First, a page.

A DNA probe labeled with a 4-([4-(dimethylamino)phenyl]azo)benzoic acid (DABCYL) quencher and a carboxyfluorescein (FAM) donor at its 5′- and 3′-termini can be used for the detection of Hg2+ ions and phenylmercury ions (PhHg+). This DNA probe possesses a random coil structure that changes into a hairpin-like structure upon binding Hg 2+ and PhHg+ ions. As a result, the fluorescence of the FAM unit decreased through quenching between the donor and the quencher. In the presence of ethylenediaminetetraacetic acid (EDTA), the DNA probe allowed the selective detection of PhHg+ ions at concentrations as low as 70.0 nM, mainly as a result of T-Hg2+-T coordination and π-π stacking between the Ph unit and DNA bases. A linear correlation existed between the fluorescence intensity and the concentration of PhHg+ ions over the range from 0.10 to 1.0 μM (R2 = 0.99). After acid hydrolysis and neutralization of the samples, all of the mercury species are converted to Hg2+ ions, allowing us to use the DNA-based probe to determine the concentrations of total mercury species at the nM level. The practicality of this probe has been validated by the analyses of pond water and fish samples, showing its advantages of sensitivity, selectivity, and simplicity.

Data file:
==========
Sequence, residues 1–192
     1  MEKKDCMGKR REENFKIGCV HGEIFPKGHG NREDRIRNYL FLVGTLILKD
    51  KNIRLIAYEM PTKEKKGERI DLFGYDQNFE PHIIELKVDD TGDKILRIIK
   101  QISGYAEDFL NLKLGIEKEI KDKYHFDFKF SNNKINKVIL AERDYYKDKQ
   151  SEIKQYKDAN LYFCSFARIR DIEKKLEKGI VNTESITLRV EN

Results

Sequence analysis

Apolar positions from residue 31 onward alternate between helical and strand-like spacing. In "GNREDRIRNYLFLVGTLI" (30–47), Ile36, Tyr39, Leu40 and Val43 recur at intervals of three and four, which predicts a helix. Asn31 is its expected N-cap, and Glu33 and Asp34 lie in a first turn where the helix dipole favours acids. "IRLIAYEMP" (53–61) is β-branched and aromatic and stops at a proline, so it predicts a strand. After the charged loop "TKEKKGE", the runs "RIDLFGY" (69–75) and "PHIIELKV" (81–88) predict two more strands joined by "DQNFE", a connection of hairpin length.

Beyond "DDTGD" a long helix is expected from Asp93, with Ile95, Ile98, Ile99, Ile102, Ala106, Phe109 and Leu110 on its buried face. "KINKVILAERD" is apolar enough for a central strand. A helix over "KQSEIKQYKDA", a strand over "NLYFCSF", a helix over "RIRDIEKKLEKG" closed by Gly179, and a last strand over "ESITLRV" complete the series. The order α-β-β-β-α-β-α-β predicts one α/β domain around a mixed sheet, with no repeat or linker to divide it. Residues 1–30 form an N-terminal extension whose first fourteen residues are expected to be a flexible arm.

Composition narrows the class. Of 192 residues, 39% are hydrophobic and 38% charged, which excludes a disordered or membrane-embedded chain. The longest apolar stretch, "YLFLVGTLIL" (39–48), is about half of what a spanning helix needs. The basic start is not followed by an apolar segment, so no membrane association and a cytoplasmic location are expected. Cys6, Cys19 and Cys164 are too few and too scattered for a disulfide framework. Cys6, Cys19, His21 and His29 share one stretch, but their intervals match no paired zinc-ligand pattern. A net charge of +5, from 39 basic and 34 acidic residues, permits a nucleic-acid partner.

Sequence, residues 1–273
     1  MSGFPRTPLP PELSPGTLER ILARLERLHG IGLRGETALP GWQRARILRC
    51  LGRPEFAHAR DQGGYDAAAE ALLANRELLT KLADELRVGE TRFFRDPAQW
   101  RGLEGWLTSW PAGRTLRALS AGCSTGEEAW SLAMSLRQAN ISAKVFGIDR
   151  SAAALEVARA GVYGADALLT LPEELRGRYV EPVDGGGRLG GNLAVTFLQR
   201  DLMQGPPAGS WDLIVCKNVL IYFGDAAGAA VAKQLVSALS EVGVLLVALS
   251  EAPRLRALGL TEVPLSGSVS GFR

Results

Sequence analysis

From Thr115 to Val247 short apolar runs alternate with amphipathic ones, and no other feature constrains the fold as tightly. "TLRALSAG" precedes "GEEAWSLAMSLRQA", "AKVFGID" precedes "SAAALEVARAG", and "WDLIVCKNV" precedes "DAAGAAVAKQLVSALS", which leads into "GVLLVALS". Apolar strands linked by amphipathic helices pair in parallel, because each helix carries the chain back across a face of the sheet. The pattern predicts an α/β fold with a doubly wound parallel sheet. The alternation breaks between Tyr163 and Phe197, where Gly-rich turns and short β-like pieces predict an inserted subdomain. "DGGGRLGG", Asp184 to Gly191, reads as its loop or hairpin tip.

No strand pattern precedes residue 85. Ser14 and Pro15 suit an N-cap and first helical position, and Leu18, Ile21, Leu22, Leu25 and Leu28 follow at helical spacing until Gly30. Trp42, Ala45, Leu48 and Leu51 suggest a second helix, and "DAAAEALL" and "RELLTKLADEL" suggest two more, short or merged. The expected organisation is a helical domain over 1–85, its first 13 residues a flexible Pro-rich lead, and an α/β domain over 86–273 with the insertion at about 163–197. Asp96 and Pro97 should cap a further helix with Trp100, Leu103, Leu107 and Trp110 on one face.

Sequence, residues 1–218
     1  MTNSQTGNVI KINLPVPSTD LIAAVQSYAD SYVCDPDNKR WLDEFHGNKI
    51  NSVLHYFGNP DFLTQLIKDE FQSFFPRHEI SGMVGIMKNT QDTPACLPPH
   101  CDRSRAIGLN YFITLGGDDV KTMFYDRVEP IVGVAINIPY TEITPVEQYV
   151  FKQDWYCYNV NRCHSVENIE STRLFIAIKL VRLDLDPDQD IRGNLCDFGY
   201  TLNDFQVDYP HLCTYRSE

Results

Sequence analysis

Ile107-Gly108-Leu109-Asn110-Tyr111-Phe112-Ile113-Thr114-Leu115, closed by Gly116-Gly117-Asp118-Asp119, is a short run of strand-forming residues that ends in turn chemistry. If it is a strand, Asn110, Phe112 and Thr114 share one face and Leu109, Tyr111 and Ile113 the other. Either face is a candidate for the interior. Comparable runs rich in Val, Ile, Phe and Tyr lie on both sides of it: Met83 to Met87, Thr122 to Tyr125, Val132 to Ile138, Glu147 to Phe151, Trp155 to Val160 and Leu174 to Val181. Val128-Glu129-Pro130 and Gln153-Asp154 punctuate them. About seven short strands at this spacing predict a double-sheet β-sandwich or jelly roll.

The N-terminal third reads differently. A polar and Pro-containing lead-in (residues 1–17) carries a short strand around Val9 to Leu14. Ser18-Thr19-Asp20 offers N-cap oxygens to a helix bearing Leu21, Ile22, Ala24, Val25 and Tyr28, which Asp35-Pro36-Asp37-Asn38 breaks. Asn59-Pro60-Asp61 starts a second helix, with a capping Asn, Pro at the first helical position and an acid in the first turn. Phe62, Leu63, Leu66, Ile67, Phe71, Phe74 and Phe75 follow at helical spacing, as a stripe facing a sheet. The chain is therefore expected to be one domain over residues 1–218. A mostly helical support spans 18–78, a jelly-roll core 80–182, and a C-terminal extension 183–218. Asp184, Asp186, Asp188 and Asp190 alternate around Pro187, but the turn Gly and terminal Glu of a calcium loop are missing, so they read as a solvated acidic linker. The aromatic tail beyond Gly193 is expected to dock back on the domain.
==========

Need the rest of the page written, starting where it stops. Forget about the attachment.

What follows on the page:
All Science Journal Classification (ASJC) codes
- Analytical Chemistry
- Environmental Chemistry